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|Title:||Influence of electric fields on the internal structure and transport properties of chitosan coatings|
Cerqueira, Miguel Ângelo Parente Ribeiro
Martins, Joana T.
Teixeira, J. A.
Vicente, A. A.
|Citation:||Souza, B.; Cerqueira, Miguel A.; Año, A.; Martins, Joana T.; Teixeira, José A.; Vicente, António A., Influence of electric fields on the internal structure and transport properties of chitosan coatings. IFT 2009 Annual Meeting and Food Expo Technical Program (Book of Abstracts). No. 254-18, Anaheim CA, USA, 6-10 June, 310, 2009.|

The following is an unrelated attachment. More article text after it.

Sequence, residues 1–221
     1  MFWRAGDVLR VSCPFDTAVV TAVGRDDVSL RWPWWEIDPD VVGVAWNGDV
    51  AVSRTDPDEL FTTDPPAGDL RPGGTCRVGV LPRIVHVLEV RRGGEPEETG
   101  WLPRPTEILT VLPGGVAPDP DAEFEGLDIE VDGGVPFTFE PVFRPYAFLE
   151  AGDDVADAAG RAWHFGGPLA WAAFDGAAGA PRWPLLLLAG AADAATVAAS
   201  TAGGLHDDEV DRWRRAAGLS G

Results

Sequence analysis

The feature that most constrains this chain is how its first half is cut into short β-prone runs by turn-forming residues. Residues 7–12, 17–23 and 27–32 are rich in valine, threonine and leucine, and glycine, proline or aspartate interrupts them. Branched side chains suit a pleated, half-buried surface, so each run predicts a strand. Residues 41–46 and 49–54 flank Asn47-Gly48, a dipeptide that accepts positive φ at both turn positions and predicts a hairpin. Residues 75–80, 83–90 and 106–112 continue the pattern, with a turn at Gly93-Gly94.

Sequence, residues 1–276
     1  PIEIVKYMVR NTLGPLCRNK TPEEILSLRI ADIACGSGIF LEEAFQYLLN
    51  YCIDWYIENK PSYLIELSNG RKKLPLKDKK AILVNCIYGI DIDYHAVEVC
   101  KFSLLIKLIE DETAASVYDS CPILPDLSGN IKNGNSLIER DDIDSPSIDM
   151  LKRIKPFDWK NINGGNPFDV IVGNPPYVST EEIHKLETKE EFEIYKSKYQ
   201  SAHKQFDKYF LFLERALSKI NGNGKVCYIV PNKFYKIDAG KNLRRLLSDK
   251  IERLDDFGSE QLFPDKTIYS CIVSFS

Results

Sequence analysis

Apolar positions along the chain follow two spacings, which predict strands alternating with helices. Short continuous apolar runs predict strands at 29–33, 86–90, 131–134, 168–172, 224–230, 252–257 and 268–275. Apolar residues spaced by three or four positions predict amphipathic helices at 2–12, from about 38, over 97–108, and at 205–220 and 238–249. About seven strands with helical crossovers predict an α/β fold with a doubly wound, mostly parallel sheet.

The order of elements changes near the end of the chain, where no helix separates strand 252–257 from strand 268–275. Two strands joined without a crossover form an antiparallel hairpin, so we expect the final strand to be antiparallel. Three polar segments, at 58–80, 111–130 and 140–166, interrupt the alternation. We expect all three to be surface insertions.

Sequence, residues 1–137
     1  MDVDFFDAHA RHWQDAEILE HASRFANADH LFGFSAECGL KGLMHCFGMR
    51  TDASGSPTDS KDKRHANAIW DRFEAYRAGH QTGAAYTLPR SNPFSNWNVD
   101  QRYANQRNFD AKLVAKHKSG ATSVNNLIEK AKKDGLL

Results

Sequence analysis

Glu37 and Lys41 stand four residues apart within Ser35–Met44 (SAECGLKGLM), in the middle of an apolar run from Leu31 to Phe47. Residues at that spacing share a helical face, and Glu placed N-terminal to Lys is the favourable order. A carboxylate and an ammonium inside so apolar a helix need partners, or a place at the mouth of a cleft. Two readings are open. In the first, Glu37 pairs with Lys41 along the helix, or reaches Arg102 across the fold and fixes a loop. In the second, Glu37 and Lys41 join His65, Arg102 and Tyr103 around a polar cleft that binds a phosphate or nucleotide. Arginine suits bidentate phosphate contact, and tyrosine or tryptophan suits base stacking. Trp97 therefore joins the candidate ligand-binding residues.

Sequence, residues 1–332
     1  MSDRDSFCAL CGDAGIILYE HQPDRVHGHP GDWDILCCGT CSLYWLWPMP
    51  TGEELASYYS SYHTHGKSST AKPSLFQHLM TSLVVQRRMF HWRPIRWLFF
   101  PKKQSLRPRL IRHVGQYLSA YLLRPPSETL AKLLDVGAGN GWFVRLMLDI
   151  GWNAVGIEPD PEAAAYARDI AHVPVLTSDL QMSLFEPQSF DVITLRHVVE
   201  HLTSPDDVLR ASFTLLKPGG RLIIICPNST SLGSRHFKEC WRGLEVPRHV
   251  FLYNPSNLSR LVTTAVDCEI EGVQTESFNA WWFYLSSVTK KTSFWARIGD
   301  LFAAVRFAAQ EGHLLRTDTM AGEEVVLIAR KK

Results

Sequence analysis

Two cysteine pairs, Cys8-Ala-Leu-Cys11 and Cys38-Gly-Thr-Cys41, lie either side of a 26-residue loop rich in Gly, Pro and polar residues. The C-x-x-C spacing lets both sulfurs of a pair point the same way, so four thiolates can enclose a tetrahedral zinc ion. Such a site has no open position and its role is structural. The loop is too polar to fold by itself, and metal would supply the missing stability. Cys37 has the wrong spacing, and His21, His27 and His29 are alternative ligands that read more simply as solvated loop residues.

|Abstract(s):||Mass transfer of different molecules (water, O2, CO2, lipids, flavor compounds or solutes) can occur between a food and its surrounding medium, leading to physical and chemical changes and possibly to food deterioration. Nowadays, edible films and coatings could be used to prevent and to control mass transfer. Recent studies have indicated that a moderate electrical field treatment could be a suitable alternative to improve mechanical properties and to increase water vapor barrier properties. The aim of this work was to determine the effect of field strength on functional properties of chitosan coatings (obtained from lobster of the Cuban coasts), while. Four different field strengths (50,100,150, 200 V cm-1) were applied during the preparation of the film forming solution, films were cast and, for each electric treatment, the water vapor, O2 and CO2 permeabilities of the films were determined, together with their solubility in water. The films were also analysed using scanning electron microscopy (SEM) and X-ray diffractometry (XRD). The results showed that the electric field has statistically significant effects on films transport properties (which e.g. for water vapour permeability, varied from 0.3228 to 0.2667(g.(m.day.atm)-1)) and structure, a positive correlation being found between the water vapor, O2 and CO2 permeability coefficients and the applied field strength. XRD indicated that when electrically treated, chitosan films exhibited a more ordered structure and a clearly higher crystallinity when compared with non-treated films. SEM micrographs evidenced that the surface morphologies of chitosan films were influenced by the electric field. In fact, the electric field treatment led to a structure with more regular layers as can be seen in the cross-sections of the films. These results clearly indicate that, when applied to the film-forming solution, the electrical field treatment may be a good tool to finely adjust the transport properties e.g. in taylor-made film formulations.|
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